Janette Vallance is confident of reopening the park under a new company in the next few weeks.
Photo / Michael Cunningham
The Inland Revenue Department applied to the High Court to liquidate Big Cats Limited, which runs Kamo Wildlife Sanctuary, over significant tax debt that has been blamed on a wet summer that kept people away
from the park.
Liquidators this week terminated the roles of all 12 staff, including Big Cats’ director and operator Janette Vallance, at the Kamo-based park but there’s a possibility some of them will be hired by a new company formed to run the operations.
It’s the second time IRD has liquidated a company that runs the park. The first was in mid-2011 when the government agency applied to liquidate Zion Wildlife Gardens, which ran the park at the time, over a debt of $105,766 while the company was already in receivership.
“It has been a tough day, it has been a tough week. This has been going on for quite a few months, back and forth, we’ve tried to get extensions to deal with this trustee tax debt,” Vallance said in an exclusive interview with the Advocate.
“But we’ve had the most horrendous February, like everybody else. We got flooded end of October, and again in November. December was okay up until that Christmas/New Year break which was really good, and then February hit. The cash flow is not there.”
She said Big Cats did not have a lot of assets but whatever got sold by the liquidators would cover the initial debt. The amount owed to IRD was confidential, she said.
The liquidators have been good though, she said, and would not do anything that could put the welfare of the big cats in jeopardy.
Vallance had payment plans to the IRD in place but said she has had to default on them and rejig them all the time because, from mid-October, everything turned pear-shaped weatherwise.
If Big Cats was given another month, she said its tax bill would have been sorted.
Liquidation means Big Cats no longer exists.
“We have some interim funding from Bolton Equities, we’ve set up another company to operate, not open, but to operate. It will employ new staff, it will just deal with the immediate needs of the cats. That’s the priority.”
Bolton Equities owns the land and buildings and had spent nearly $12 million over the past eight years getting the park up to the standards required by the Ministry of Primary Industries.
“I want the park to be the place these sorts of animals can go to, rather than face euthanasia because someone has decided that financially the park is not viable, or the cats are too old, or for whatever reason, they put on it. Because I don’t believe that’s a reason for euthanasia.”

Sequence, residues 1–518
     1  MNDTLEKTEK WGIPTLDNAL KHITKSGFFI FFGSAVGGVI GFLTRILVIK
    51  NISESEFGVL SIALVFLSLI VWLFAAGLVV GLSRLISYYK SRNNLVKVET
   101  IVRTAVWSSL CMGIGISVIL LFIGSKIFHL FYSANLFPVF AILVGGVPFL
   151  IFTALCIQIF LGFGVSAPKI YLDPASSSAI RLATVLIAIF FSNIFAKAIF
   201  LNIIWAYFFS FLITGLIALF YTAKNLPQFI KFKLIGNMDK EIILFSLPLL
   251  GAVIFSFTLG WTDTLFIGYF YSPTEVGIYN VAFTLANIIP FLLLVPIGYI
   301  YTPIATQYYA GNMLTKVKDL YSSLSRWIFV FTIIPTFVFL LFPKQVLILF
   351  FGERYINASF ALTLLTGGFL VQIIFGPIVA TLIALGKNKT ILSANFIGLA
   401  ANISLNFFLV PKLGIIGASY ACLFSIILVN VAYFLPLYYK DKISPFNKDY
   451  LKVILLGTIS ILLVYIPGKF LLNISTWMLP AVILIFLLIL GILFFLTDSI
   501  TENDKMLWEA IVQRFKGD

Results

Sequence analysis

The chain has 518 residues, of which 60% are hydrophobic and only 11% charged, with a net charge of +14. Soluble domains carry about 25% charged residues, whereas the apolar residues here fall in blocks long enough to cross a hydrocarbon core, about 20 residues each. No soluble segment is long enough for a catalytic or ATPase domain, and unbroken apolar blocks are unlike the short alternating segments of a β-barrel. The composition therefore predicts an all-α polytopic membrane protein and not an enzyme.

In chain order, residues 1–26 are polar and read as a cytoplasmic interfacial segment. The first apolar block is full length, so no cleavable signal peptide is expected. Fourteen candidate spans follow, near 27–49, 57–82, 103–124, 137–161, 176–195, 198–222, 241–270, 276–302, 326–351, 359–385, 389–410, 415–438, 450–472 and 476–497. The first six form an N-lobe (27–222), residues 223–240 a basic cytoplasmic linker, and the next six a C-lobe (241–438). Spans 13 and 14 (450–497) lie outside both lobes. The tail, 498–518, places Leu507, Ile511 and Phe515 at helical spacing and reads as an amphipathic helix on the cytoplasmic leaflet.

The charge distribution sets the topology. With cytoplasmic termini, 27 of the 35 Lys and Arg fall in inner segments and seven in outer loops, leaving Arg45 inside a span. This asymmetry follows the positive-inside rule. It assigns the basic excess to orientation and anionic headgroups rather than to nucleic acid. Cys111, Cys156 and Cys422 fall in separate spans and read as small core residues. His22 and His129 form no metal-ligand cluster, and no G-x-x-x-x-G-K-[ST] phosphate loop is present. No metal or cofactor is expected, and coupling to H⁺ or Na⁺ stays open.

Vallance is confident the new company is just weeks away from opening but admits some things will have to change for the long-term survival of the business. It all comes down to capital injection.
“Looking at it now to what we’re thinking we’ll do ahead, we won’t be open every day, we’ll focus on those busy weekends, specific bookings, reduced staff and we need to be better prepared for absolute crap weather.
“Start from scratch, and it’s not necessarily a bad thing. We had an operational grant and other costs covered by Bolton, and they’ve paid us more than our original agreement. I can’t speak highly enough of Bolton Equities. They could have pulled the pin ages ago.”
The park needed about $9000 a week to cover all its expenses. There’s plenty of food for the animals.
“The food itself is free. It’s the labour and the fuel. Three cows a week to feed them all. Running a zoo is incredibly expensive, it doesn’t matter how you do it, because the labour cost is always there, even if your food is free. Our fuel bill has doubled in the last 18 months,” Vallance said.
She has meetings next week with two possible investors/co-shareholders/partners — people who are interested in putting some money into the business.
Her message to those who have booked tours was not to panic.
“We’ll honour those, we just need to get ourselves open again. We are talking weeks, not months. I am not going anywhere, I am not defeated. We’re not gone.”
Overseas tourists and twilight tours were just starting to pick up, she said, and the park is about to launch an overnight stay option.